COVID-19 Can Infect Kidneys and Other Organs

Research + Findings

A pair of studies performed independently have detected SARS-CoV-2 in multiple organs, including the lungs, throat, heart, liver, brain and kidneys. The development indicates that COVID-19 is more much more than a respiratory illness.

One study, published in a letter written in the New England Journal of Medicine, comes from Germany. The study, involving a series of autopsies of COVID-19 patients, found the virus had replicated in a number of organs but was especially prolific in the kidneys.

The finding that COVID-19 infects non-respiratory organs was also demonstrated in a Hong Kong study published in Nature Medicine. Researchers found that the virus could even replicate in stool and the intestines.  

If the virus makes a multi-organ attack, it may explain the incidences of stroke in young patients and blood clots in dialysis patients. The development sheds light on why patients with pre-existing conditions are particularly at risk.

Cleveland Clinic Raises Doubts About COVID-19 Testing Accuracy

Research + Findings

On Sunday, CNN’s chief medical correspondent Sanjay Gupta questioned the accuracy of 46 diagnostic rt-PCR tests. Gupta posited the FDA acted with haste in an effort to make tests available, leaving gaps in credibility. None of the tests had been properly vetted by the agency.

Dr. Gary Procop, an infectious disease pathologist at Cleveland Clinic, led a team of researchers who analyzed five of the rt-PCR tests to determine the number of false negatives and missed positives. Procop’s team found that the U.S. Center for Disease Control’s test had a 0% miss-rate for the virus, and tests from Cepheid and Roche missed 5% or fewer of positive cases. 

The Abbott ID Now test, lauded for its fast results and compact size, displayed a 15% miss-rate. Another study found Abbott ID Now test could miss as many as 25% of positive COVID cases.

In response, clinicians have asked the FDA to begin requesting a more thorough manufacturer review of COVID-19 testing kits to ensure that the devices are accurate.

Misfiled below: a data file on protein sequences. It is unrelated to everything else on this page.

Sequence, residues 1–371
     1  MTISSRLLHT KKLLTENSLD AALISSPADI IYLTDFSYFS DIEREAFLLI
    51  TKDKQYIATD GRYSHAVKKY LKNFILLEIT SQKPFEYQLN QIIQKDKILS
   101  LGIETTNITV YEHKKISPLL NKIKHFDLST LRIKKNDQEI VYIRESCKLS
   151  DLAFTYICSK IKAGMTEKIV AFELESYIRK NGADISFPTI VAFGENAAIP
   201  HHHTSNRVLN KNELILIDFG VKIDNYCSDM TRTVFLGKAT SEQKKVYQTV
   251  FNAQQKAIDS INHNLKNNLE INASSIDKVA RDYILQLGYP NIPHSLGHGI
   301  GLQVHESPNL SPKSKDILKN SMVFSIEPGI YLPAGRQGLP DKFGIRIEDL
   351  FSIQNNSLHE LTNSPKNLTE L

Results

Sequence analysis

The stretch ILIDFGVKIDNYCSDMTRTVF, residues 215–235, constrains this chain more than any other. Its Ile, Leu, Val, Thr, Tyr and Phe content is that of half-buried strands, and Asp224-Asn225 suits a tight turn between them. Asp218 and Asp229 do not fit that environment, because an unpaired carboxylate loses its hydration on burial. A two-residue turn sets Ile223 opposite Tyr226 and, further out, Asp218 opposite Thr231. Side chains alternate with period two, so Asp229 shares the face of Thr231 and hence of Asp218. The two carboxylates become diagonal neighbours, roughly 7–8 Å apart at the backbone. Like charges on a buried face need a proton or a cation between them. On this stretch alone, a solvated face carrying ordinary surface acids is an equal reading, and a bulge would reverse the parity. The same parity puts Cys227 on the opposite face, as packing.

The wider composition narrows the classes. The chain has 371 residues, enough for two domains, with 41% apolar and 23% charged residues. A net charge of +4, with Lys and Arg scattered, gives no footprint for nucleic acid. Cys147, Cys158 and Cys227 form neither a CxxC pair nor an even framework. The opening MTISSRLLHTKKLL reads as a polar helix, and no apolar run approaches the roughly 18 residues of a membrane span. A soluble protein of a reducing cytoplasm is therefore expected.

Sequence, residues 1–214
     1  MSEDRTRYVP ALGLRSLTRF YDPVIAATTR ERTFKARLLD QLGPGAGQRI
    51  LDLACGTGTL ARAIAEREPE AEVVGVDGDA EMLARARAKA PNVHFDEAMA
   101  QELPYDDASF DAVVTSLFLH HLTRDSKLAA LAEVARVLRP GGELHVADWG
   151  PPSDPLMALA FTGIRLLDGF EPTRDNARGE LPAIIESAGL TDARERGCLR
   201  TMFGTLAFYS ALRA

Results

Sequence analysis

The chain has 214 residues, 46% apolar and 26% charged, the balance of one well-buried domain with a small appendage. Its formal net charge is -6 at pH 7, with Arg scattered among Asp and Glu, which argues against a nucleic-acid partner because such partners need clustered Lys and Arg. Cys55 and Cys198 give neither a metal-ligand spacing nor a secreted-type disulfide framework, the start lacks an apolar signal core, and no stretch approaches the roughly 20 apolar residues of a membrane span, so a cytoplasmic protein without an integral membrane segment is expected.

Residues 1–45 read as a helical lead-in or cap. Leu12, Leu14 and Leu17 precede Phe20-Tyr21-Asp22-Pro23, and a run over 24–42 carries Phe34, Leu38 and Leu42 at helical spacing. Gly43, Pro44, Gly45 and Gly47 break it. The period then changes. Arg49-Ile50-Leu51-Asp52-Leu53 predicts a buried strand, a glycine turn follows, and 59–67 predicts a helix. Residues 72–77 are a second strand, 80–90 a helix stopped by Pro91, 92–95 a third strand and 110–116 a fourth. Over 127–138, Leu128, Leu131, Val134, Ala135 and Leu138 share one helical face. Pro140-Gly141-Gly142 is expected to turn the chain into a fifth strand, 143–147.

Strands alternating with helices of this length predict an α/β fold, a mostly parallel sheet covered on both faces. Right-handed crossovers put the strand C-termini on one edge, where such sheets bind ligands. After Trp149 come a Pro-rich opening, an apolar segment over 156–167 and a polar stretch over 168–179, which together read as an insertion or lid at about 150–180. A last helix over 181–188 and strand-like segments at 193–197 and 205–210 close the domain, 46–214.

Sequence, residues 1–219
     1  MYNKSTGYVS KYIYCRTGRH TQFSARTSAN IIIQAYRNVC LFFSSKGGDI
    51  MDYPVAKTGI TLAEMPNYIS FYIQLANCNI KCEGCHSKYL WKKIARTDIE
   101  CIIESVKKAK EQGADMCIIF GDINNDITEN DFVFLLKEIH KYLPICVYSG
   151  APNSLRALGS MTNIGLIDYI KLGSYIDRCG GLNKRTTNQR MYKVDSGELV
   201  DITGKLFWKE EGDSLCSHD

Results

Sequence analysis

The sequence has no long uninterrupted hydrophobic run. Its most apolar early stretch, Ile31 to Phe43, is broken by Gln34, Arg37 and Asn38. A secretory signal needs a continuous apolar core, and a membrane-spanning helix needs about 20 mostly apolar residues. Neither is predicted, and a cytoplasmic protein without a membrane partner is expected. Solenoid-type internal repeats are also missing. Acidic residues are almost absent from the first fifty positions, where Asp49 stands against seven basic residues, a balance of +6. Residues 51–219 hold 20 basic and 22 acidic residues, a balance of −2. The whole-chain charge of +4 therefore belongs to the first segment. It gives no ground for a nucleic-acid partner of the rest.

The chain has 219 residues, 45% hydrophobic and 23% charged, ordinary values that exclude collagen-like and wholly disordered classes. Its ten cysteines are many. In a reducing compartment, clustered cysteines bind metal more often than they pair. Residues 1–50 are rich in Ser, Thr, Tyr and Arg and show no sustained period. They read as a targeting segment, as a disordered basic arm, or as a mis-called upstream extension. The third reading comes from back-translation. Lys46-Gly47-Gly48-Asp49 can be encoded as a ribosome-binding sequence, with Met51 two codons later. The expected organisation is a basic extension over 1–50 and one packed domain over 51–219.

Study Suggests Hydroxychloroquine May Cause Cardiac Arrest

Research + Findings

The coronavirus treatment heavily pushed by President Donald Trump may be not only ineffective against the virus but also dangerous to patients. 

A study in the Journal of the American Medical Association looking at 1,438 patients in New York, 88.2% of cases in the New York Metropolitan region, found no statistically significant reduction in mortality with the use of hydroxychloroquine, azithromycin or both. Even more concerning, the combination of the two drugs was found to double the risk of cardiac arrest.

The finding comes following last month’s warnings from the U.S. Food and Drug Administration and the National Institutes of Health about the use of hydroxychloroquine to treat COVID-19 patients.

Dr. William Schaffner, an infectious disease expert and adviser to the US Centers for Disease Control and Prevention, told CNN: "I'd be surprised if there were many patients and their families or doctors who would want to pursue using hydroxychloroquine.”

Texas Study Finds Success Treating COVID Patients With Antibody-Rich Plasma

Research + Findings

The U.S. Food and Drug Administration is coordinating with America’s Blood Centers to execute the collection of convalescent plasma from recovered COVID-19 patients after a prospective study in Houston, Texas generated positive results for an experimental treatment. 

A recent study, conducted at Houston Methodist, indicated convalescent plasma transfusion may be a safe and effective treatment. In the study, 19 out of 25 patients with severe COVID showed some improvement in their symptoms when plasma therapy was added in conjunction with other baseline treatments. 

Convalescent plasma is believed to contain antibodies to SARS-CoV-2. Eleven patients in the study — who also received oxygen, anti-inflammatory and anti-viral treatments — were discharged from the hospital following the experimental plasma treatment.

The study results, though not yet peer-reviewed, were published on May 13, 2020, and have been submitted to a medical journal. Despite the small number of patients in the study, the FDA has encouraged donations to stockpile plasma while researchers conduct more in-depth studies. Currently, there is no treatment for COVID-19. 

White House Task Force Recommends Nursing Home Testing

Public Health

On Monday, the Associated Press reported that the White House released recommendations to have nursing home residents and staff extensively tested. Dr. Deborah Birx, the task force coordinator for the White House, called on governors, stating, “We really believe that all 1 million nursing home residents need to be tested within the next two weeks, as well as the staff.”

Much of the scrutiny in nursing homes has focused on a lack of responsiveness and transparency in crisis. Charlene Harrington, a professor emeritus of nursing at the University of California, San Francisco, told the AP: “If they had [prioritized nursing home safety] to begin with, we would’ve picked up cases early and we wouldn’t have so many deaths.”

Nursing home staff members, meanwhile, have enthusiastically requested testing materials, noting that “silent spreaders” are making controlling COVID-19 in nursing homes nearly impossible. Throughout the crisis, nursing homes have complained of inadequate staffing numbers, personal protective equipment and testing materials.